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    July 16, 2015

    Shark Tank: What Manufacturers See that You Don't

    ABC’s TV show, “Shark Tank” averaged over seven million viewers per week for this, its 6th season!  Whether you love the concept or enjoy watching Lori, Barbara, Robert, Daymond, Mr. Wonderful, or Mark Cuban either build or shatter dreams, the reality is that people enjoy watching everyday products get the opportunity to grow big time.

    Watching people pitch can be both exciting and excruciating depending upon the product and the delivery.  If you are like me, the first question you ask is:

              Who would buy this?

    Since I’m business curious and work in the world of manufacturing my second question is:

    Where is the best place make it?

    There is the risk - 50/50.  Commercialization (who buys and what do they pay for it?) and Manufacturing (where do we make it and what is the landed cost?)

    To view the show through the lens of an engineer, global sourcing, or buyer who has worked in global manufacturing in some capacity is to know where much of the risk lies.  To this group, the risk lies in the supply chain.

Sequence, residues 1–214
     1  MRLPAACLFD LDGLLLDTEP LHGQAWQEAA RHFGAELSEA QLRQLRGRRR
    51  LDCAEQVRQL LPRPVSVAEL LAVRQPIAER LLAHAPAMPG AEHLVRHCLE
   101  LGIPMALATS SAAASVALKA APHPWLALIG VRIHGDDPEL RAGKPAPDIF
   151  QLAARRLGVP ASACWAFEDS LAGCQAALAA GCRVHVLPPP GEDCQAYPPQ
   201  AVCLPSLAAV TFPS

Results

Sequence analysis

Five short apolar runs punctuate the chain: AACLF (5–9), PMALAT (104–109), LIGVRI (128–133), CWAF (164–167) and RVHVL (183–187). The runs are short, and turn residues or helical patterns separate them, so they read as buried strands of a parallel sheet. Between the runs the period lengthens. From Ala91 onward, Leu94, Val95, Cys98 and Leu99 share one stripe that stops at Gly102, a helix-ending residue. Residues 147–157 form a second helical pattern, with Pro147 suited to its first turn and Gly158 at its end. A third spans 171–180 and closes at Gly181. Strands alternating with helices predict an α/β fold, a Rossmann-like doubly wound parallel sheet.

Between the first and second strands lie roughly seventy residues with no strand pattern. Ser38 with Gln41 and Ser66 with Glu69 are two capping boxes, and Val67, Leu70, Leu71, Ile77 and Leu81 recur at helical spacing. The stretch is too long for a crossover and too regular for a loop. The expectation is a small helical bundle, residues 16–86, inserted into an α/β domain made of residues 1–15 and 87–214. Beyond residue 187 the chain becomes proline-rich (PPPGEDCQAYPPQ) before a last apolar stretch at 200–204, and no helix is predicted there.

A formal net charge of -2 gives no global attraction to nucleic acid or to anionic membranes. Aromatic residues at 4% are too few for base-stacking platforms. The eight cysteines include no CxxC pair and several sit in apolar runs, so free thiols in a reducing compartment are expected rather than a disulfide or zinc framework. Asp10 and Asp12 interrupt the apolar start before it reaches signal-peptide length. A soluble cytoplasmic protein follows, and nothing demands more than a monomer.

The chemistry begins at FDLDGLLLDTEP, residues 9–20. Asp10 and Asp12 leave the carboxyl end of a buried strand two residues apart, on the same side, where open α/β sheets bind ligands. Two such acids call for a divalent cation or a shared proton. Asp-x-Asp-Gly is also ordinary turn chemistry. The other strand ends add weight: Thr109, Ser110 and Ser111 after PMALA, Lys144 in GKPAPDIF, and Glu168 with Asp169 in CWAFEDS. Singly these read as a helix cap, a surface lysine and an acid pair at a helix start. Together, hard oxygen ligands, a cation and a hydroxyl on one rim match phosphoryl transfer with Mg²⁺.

Often what the audience does not see on Shark Tank is when the product “goes to a direct Asian factory” for the lowest possible cost, is that by partnering with one of the ‘sharks’, the inventor has connected with someone who already has established supply chain partners in Asia.  This is exactly ‘how’ the risk is minimized by the investor shark.  They have access to manufacturing that most inventors, early stage, and even established companies simply do not.


    Most of us will not fly to Shanghai or Shenzhen, China, and sift through the Chinese Yellow Pages to find a factory that can manufacture our product, to Western quality standards, and get the financial terms, supply chain management, and engineering support that a company with expertise in this area can deliver. Read what Lori Greiner recommends avoiding when having your products manufactured overseas.

    Global manufacturing companies exist to partner with domestic companies who want to leverage the efficiencies of manufacturing globally (reduce cost) while mitigating the supply chain and quality risk of attempting to do this on their own.  If you seek a commodity product, like a plastic 5 Gallon bucket, then check Alibaba where over 5,000 options for those buckets already exist.

    If you can’t get enough of Shark Tank you are in luck. Season 7 was renewed along with a second season of Beyond the Tank, the follow up series!


    Filed Under: Entrepreneur, Start-Ups